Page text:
It was dusk when we docked at Port Moresby. Sarah was not feeling well, and went immediately to the hotel with Francine. Our contact, Akikonu, or Akik, for short, was a gregarious, attentive Urapmin, (who are part of the Min People), with a keen eye for detail. He spoke English fluently as well as limited French and Bahasa. I asked him how he came to speak Bahasa, he replied that he is from the Sandaun Province, located along the North Western border of the country, and his people have had trade dealings with Indonesians for centuries.
He took me to a small restaurant near the wharf that specialized in Kokoda, raw fish served in lime and coconut juice. We spoke of the coming independence of the country, he said he was concerned that his brother would take a road building job instead of staying with him in the tourism industry on the coast.
The next morning Sarah and Francine were ready to go before I was. The three of us went to Jacksons Airport by jeep with Akik driving, then flew to the Simberi mine, located in the New Ireland Province. From there, Akik drove us to the mine.
There was a lot of commotion as we arrived, and we were directed away from the main parking area, where a large crowd of men who were yelling had gathered, to the road, where we left the jeep, which was completely vulnerable to the elements, parked on the shoulder, and walked back to the mine. The din the men were making could be heard in the distance.
“Do you know what they’re protesting?” I asked Akik.
“The are protesting the working conditions of the mine and the pay they receive,” he said.
“How much do they make?”
“Oh,” said Akik, “five [Australian] dollars per day.”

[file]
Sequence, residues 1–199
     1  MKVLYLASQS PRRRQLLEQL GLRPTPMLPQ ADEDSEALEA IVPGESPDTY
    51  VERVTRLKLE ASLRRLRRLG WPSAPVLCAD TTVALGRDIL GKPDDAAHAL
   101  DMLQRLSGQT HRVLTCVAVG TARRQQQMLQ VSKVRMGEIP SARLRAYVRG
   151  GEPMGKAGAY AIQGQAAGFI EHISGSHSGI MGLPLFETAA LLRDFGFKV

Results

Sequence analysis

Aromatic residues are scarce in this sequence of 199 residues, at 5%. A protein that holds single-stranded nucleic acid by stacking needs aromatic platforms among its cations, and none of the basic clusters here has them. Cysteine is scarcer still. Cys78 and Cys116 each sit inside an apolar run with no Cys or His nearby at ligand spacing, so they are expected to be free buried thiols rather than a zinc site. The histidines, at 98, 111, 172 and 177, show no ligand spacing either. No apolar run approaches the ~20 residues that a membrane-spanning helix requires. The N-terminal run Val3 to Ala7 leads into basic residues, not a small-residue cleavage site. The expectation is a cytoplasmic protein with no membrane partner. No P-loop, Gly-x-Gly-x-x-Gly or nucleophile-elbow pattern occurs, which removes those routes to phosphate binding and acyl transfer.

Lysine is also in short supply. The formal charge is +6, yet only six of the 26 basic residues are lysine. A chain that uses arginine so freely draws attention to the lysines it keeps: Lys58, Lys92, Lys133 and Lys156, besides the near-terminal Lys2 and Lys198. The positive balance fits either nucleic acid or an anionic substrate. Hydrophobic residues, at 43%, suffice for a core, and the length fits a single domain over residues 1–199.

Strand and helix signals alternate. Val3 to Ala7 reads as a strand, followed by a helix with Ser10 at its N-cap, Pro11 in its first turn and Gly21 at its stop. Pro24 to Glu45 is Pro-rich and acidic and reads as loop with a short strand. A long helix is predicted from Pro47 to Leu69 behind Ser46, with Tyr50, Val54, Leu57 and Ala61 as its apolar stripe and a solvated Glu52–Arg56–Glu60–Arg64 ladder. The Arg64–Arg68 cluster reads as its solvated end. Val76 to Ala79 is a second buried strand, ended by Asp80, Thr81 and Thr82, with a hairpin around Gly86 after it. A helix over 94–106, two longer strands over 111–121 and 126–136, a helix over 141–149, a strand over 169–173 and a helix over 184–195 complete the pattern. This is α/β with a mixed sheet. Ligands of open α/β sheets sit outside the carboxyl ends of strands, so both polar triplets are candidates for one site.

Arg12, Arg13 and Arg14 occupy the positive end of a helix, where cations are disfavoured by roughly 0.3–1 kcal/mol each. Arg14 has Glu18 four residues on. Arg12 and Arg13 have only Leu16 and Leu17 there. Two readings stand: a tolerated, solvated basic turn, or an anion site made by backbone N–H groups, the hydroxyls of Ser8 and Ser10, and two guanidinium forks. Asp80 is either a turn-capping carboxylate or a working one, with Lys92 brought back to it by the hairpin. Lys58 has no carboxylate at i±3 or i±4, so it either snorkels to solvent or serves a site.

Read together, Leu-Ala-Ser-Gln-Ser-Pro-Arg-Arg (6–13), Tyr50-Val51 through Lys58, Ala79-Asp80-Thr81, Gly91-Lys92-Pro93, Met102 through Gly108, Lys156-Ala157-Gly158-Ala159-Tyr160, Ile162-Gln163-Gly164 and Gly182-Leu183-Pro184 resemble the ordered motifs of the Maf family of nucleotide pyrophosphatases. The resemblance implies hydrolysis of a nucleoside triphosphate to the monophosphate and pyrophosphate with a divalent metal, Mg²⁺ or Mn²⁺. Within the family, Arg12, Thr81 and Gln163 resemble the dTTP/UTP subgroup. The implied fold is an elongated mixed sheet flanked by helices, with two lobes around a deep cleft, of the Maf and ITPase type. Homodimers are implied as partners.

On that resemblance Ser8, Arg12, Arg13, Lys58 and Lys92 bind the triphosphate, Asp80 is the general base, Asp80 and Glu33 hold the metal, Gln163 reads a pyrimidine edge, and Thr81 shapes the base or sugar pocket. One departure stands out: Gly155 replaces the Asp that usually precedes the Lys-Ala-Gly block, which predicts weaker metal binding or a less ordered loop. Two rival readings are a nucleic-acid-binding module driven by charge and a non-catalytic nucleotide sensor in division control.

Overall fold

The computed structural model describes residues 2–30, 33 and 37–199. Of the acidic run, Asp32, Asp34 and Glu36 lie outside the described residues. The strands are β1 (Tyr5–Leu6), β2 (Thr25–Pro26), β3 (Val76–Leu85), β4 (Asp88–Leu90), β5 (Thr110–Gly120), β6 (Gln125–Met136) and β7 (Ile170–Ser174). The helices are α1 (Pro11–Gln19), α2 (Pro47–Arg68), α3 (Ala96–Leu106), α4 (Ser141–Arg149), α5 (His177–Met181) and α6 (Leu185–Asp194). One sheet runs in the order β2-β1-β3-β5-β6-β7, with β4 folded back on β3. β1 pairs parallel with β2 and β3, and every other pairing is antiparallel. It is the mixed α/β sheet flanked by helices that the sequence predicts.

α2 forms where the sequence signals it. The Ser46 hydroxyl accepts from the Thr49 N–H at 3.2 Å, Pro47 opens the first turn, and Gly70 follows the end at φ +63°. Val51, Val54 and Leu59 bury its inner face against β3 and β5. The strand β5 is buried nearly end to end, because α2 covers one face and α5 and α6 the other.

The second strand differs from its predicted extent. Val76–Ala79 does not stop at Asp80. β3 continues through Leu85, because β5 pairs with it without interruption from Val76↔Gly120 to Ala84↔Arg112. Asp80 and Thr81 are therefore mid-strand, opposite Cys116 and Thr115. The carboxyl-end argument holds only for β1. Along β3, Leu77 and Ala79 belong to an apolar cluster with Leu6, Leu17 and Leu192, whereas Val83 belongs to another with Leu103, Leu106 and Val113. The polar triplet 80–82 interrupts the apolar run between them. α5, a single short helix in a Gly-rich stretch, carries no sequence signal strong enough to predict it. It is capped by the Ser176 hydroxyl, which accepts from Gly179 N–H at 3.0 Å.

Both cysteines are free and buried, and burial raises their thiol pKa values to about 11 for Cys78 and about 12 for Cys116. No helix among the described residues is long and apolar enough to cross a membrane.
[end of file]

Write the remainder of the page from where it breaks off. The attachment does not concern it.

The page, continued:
As we approached the mine on foot, we were again stopped by a guard who insisted for us to bypass the crowd by circumnavigating the periphery of the lot to get to the office. The guard walked with us, holding his automatic rifle in both hands, as if ready to use it, should one of the protesters approach us. The sight of the gun made Sarah and Francine uneasy.
“Is an automatic weapon necessary?” she asked the guard.
“Oh, yes,” he said, without elaboration.
“To protect you from whom?”
The guard said nothing more so Akik spoke in his place.
“It is part of their job,” he said, “to protect the mine from outsiders.”
“So that gun is intended for people like us,” my wife said tetchily.
“Many times people try to poach the mines, arms have been common in these places for many years.”
The guard looked as though he was smiling as we walked to the office. He did not squint his eyes, even in the glaring sun.
When we reached the office, Akik opened the door to let Sarah and Francine pass through, and then myself. He tried to enter behind me, but the guard grabbed Akik by his shirt and yanked him backward.
“Not you,” he said.
“This man is with us,” I said.
“No,” said the guard. “No workers are allowed inside the office.”
Aghast at the notion that mine workers were not permitted inside the office, I stuck to the immediate issue.
“This man is our guide, I’ve hired him to take us where we want to go, where I go, he goes.”
“He wait outside for you,” said the guard.
Sarah became furious at these words, and launchd herself back outside.
“This man comes with us, because we have paid him to accompany us!”
The guard did not respond, but kept his grip on the back of Akik’s shirt.
Lucas, the man in the office, had been my contact since before we had left England. He was on the phone in the tiny office and I recognized his voice at once. He looked precisely as I had imagined him, around six foot four, well toned from lifting weights, with blond, straight hair parted to one side, though his eyes were brown, not blue. He waved us in, but I made a vague gesture of there being a problem, so he put his hand to the receiver and shouted something in heavily accented Tok Pisin to the guard.
From outside I heard Sarah say something else to the guard.
“He’s just as welcome as we are inside,” she said.
Lucus waved us in, wrapping up his phone call as the door closed behind Akik.
“That practice of bigotry is common,” Akik said to us after we’d left Simberi mine. “The man cannot help what he say, he just want to keep his job. If he is tough for the wrong reason, he’ll get yelled at, but he keep his job. If he is loose, and any trouble happen, he lose his job.”
Lucas held the same contempt for people as the guard did, behind a gracious, ‘civilized’ exterior. That day surveying the Simberi mine was the beginning of our activism for the Min peoples of Papa New Guinea. From 1975 through 1994, we made eleven trips to Papa New Guinea on behalf of the Min peoples, fighting with them for higher pay and better living conditions.